When you wake up covered in bites and suspect they are caused by bed bugs, but you can’t see anything around you, then that’s when you start to wonder if you can actually see them with your eyes unassisted with a magnifying glass. Are bed bugs visible to the human eye? So as we consider this and then give you an answer to this question we will be also giving you a few tips and tricks to detect bed bugs and get rid of them as quick as possible!
Are bed bugs visible to the human eye?
The quick answer is yes, you can see bed bugs with your eyes (unless you have a visual acuity problem, that is). However, we can develop the topic further because there are reasons why you won’t see bed bugs after they bite……
If someone takes out a bag with bed bugs inside it, you will definitely be able to see them and make them out. They are the size of an apple seed, which is quite considerable and large enough to be seen by our eyes. However, their eggs are around the size of a pinhead, and very young bed bugs are almost invisible because they are tiny and most times translucent. On the other hand, adults are red to brownish and have an elongated body you will be able to see, but only if you know where.
The problem with bed bugs is not that they are microscopical. They are a terrible pest because they can actually hide very well and know how to do it.
They find very dark places to hide, always around your bed or nearby. Since they can’t fly, they would crawl out of their hiding place into your bed, bite you until they are satiated with your blood, and be back before you wake up. That’s why people usually wake up with bites and no apparent signs of a bed bug infestation. They can smell their prey…. YOU!
What can you do to spot bed bugs at home?
If you know where to find them, you will probably spot bed bugs in no time at all. First off, you need to have signs of a bed bug infestation. For example, waking up with red bites all over your body, but also having red-colored stains on your mattress, or blurry dark dots that appear dispersed all over the place (bed bug droppings). If you found these signs after changing your bedding, look at the favorite places of these insects:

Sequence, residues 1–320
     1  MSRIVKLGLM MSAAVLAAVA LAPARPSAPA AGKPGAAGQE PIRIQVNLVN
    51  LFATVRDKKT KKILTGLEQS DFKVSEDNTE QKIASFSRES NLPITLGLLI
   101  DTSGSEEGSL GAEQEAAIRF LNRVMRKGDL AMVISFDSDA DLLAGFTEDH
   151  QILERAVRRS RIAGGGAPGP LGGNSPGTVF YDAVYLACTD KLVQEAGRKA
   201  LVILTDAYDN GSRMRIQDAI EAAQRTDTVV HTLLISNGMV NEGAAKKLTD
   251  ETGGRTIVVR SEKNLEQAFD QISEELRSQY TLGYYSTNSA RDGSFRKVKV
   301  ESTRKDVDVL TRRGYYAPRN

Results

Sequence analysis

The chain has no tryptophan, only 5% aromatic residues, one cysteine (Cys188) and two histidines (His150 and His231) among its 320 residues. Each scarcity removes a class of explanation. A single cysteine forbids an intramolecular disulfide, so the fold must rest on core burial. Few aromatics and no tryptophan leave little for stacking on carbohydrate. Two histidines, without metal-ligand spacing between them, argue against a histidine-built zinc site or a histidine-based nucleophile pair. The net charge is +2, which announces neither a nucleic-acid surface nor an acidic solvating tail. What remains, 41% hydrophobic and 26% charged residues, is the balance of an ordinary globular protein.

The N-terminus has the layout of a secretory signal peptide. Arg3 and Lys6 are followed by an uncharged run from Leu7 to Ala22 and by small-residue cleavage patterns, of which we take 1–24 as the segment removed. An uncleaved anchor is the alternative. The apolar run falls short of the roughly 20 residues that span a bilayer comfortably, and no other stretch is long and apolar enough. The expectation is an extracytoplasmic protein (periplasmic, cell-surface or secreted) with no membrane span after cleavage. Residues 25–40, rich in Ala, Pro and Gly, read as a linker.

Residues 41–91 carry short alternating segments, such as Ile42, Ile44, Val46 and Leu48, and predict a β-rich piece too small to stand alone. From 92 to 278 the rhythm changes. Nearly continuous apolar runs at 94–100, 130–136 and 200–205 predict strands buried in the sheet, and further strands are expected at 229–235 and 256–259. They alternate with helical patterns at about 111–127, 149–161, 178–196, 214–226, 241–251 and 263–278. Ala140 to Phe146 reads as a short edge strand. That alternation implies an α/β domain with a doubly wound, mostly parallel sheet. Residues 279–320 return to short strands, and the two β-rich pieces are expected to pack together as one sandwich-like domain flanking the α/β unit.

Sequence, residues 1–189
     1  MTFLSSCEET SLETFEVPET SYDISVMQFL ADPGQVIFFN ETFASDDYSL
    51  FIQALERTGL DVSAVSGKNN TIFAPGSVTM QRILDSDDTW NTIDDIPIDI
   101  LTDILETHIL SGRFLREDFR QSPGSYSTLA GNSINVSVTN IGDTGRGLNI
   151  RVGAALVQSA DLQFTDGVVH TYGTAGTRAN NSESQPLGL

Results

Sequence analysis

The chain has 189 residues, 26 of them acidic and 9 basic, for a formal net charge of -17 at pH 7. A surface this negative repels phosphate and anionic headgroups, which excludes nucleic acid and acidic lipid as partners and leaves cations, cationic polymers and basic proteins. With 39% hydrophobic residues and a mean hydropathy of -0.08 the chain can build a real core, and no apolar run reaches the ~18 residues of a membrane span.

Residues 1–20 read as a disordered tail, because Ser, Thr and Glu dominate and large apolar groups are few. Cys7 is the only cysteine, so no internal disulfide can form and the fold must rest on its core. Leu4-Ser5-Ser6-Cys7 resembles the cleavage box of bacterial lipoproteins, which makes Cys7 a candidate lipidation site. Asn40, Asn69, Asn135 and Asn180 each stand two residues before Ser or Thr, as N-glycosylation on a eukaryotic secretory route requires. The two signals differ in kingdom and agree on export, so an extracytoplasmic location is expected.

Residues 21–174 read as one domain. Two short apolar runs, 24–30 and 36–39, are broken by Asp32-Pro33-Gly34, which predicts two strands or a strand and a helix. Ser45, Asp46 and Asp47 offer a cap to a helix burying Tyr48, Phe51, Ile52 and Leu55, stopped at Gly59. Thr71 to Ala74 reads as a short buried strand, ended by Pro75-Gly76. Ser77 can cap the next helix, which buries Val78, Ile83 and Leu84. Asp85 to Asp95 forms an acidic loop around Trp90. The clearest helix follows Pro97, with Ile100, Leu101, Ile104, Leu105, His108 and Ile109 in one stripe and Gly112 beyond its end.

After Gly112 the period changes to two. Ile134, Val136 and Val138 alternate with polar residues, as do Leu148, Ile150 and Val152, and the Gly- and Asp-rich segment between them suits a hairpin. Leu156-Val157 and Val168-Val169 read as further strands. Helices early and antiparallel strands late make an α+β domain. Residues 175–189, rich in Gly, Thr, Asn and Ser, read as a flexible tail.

- All over your clutter: If you have a messy space at home, bed bugs are probably finding a place to hide and reproduce in your clutter. Anything that leaves a very small and dark space is a fitting hiding place.
- In folds and joints: Any small fold in your curtains is also a good spot. Be sure to check also in drawer joints. Anything that is dark, concealed, and very small, is a tempting place to stay for them.
- Crevasses and holes: Having holes and crevasses in your house or furniture may turn into the perfect bed bug house. You may even need to check under loose wallpaper and in any piece of furniture with cracks or small spaces.
Since bed bugs hide in so many places, they can also be transported without you noticing. Also consider that they can resist long periods without feeding, so think twice before bringing used furniture to your home and disinfect your clothes and items thoroughly if you recently visited a place you know is infected with bed bugs.
What can you do if you ever see bed bugs in your house?
Even if you don’t have bites or allergies to these devilish insects, we do recommend to get rid of them. According to official sources, they have microbes inside of them but do not cause any transmissible disease known to man. Yet. Still, your small bed bug pest infestation can grow considerably since they reproduce very quickly and become a real challenge if you want to get rid of them later.
If you only found one or two bed bugs, be sure there are more of them lurking around. You can use various approaches to get rid of them:
- Keep everything clean and tidy: This advice is very effective against bed bugs because you will leave them with no place to hide. Get rid of stocked magazines or newspaper, or clean them thoroughly and cover them in special encasements if they are precious to you.
- Heat treatment: Steam is especially useful to clean your clothes. They will die if you expose them to temperatures of 114ºF.
- Insecticides: You can also use these substances to kill bed bugs. We recommend applying them on known crevices in the furniture. Be careful about using insecticides if you own pets, if you have small children, and if you don’t know the safety measures to apply them correctly.
- Diatomaceous earth: This is one of the most effective treatments against bed bugs if you have pets or small children at home. It looks like dust and absorbs the moisture in bed bugs, killing them without affecting humans or pets.
Most importantly, consider looking for professional advice if your bed bug problem is still around or if you consider it is a severe infestation and not one or two isolated findings. It is also important to look for medical assistance if you develop allergies to bed bug bites and wake up with swollen areas all over your body. As you contact with your doctor, you can take an anti-allergic medication or apply topical creams to control the itching and the swelling. You may need to leave your home and return to your home after bed bug treatment.
In short, we just confirmed that you can indeed actually see bed bugs with the naked eye. You are however very unlikely to see young bed bugs and eggs, though. And if you have this type of problem at home, follow the tips we considered above, and call for professional help if you have a severe infestation.
Doggett, S. L., Dwyer, D. E., Peñas, P. F., & Russell, R. C. (2012). Bed bugs: clinical relevance and control options. Clinical Microbiology Reviews, 25(1), 164-192.
Koganemaru, R., & Miller, D. M. (2013). The bed bug problem: past, present, and future control methods. Pesticide Biochemistry and Physiology, 106(3), 177-189.